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Old 08-05-2013, 08:54 AM   #1
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Which new one ton?

I have a 08 F350 SRW pulling a 15,000+ pound 42' toy hauler 5th wheel. Would
like to get a new DRW 3500 or even a F450. I see Dodge GCWR goes to 30,000 lb. while Ford and Chevy around 24,000 for the one ton. Would like a reliable truck for years to come also. Any insights in a new truck brand?
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Old 08-05-2013, 09:04 AM   #2
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Old 08-05-2013, 11:14 AM   #3
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Do you have a class A license? If not, i would just get the 3500 dually.
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Old 08-05-2013, 12:15 PM   #4
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In terms of engine reliability, Dodge is at the top with Ford at the bottom. Unfortunately, Dodge also has the least robust transmission. Since the tranny is usually the weakest link in the drive train, I chose to go with the most robust. I got the Chevy with the Allison transmission.

On the other hand, Ford seems to have the nicest interiors.

Joel
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Old 08-05-2013, 12:19 PM   #5
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Those numbers on tow ratings are a little confusing. I see the 350 dually has a 18,500 tow. I heard these ratings are going to be redone in a couple of years.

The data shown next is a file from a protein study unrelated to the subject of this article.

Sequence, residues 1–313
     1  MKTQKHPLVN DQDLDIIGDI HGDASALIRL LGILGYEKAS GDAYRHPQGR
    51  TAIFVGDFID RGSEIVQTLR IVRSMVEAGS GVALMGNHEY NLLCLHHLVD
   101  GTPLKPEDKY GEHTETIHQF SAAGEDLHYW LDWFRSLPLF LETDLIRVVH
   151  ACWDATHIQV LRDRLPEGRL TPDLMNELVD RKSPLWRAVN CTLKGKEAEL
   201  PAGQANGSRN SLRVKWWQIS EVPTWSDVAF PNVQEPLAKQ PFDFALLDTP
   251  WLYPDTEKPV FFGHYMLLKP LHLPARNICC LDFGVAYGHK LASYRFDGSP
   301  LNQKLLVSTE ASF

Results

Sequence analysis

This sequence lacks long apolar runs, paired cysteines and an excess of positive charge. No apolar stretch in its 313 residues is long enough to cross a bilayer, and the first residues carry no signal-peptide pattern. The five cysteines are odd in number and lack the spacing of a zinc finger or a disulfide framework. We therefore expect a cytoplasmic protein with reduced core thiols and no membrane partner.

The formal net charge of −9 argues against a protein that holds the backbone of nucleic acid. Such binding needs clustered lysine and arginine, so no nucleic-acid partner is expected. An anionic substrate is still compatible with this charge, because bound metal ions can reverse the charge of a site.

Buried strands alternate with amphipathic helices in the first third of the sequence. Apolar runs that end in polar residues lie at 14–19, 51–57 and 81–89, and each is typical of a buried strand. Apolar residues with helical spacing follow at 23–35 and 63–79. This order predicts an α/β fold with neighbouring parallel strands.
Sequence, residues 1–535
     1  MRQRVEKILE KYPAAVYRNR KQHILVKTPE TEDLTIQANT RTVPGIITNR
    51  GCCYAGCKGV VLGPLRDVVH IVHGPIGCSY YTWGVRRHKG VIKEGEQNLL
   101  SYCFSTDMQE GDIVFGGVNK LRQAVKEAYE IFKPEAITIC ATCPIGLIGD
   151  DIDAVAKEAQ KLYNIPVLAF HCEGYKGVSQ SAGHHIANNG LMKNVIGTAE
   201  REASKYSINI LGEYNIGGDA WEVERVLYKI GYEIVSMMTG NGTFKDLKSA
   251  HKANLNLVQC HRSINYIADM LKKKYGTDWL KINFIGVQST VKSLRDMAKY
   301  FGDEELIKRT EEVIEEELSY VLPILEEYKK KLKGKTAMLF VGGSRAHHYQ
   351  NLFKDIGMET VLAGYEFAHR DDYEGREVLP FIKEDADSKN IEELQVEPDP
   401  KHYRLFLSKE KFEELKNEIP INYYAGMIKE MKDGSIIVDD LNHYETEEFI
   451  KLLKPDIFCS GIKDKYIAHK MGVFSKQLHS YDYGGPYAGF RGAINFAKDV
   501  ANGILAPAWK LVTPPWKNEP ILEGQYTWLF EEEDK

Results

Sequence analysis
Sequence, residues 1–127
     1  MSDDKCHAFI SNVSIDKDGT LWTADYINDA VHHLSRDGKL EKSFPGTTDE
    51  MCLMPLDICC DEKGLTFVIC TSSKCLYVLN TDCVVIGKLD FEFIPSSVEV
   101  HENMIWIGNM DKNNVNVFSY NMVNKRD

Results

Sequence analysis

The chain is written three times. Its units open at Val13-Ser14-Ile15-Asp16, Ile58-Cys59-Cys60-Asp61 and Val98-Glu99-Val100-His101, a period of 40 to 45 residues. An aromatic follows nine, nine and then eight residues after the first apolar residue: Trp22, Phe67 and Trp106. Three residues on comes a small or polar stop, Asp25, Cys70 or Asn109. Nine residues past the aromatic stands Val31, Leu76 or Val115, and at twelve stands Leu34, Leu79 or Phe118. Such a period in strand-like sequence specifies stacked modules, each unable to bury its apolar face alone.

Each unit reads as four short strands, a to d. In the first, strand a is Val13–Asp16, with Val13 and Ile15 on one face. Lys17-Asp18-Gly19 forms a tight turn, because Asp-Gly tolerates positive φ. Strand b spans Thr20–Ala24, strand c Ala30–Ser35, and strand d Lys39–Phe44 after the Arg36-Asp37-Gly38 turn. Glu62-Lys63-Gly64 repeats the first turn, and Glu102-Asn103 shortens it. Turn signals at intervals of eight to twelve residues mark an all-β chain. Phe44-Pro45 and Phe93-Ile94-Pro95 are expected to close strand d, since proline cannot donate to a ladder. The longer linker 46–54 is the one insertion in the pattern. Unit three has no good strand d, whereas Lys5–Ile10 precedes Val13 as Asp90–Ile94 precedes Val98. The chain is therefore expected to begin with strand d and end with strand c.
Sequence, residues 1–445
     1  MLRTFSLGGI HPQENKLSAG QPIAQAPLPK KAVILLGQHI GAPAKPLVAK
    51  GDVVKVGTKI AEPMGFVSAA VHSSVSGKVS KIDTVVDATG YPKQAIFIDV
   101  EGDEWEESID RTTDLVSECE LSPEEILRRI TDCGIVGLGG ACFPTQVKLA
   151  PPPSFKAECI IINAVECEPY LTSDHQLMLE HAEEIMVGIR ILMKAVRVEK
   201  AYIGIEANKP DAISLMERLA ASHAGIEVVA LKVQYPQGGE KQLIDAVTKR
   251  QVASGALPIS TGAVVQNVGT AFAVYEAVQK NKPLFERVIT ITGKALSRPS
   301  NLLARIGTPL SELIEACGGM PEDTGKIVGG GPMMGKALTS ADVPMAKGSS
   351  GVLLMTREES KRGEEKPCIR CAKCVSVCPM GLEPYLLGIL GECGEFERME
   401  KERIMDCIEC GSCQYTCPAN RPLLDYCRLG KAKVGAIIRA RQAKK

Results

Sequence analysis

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Old 08-05-2013, 12:27 PM   #6
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In terms of engine reliability, Dodge is at the top with Ford at the bottom. Unfortunately, Dodge also has the least robust transmission.
That emphatically has not been the case since the demise of the 47/48RE 4 speed automatics on December 31, 2006. The 6-speed 68RFE and the Aisin 6-speed that were introduced with the 6.7L Cummins both have sterling reputations in heavy towing applications. The 2014 Ram 3500 DRW pickups are available with either of the 2 transmissions; selection of the Aisin also brings a horsepower and torque upgrade to 385/850. GCWRs are available up to 37,000 lbs.

Drive 'em all and take your choice.

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Old 08-05-2013, 01:04 PM   #7
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This'll be fun.
I like Ford. The new Ford motors are really great, with limited issues. Trucks are nice. The Ford TorqShift's are great. 5R110s proved their worth at high HP/TQ with stock internals, and so did the 6R140 on the Breaking Point from H&S where they tried to blow something up.
I think it would matter on what you like, how the dealer is, and how much you wanna spend.
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Old 08-05-2013, 01:25 PM   #8
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Quote:
Originally Posted by J Birder View Post
In terms of engine reliability, Dodge is at the top with Ford at the bottom. Unfortunately, Dodge also has the least robust transmission. Since the tranny is usually the weakest link in the drive train, I chose to go with the most robust. I got the Chevy with the Allison transmission.

On the other hand, Ford seems to have the nicest interiors.

Joel
I don't know what information you are basing this opinion on? But with todays trucks, pick the one that you like the best. All 3 are great 1 ton DRW trucks.

Our 2012 F350 CC DRW has a GVWR of 13,300# and a GCWR of 30,000#. Ram has upped the ante and now has a GCWR or 37000#

With these trucks you need to check you local license requirements as Texas requires a Class A non-CDL for 26001# and up.

Ken
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Old 08-06-2013, 08:12 AM   #9
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Those numbers on tow ratings are a little confusing. I see the 350 dually has a 18,500 tow. I heard these ratings are going to be redone in a couple of years.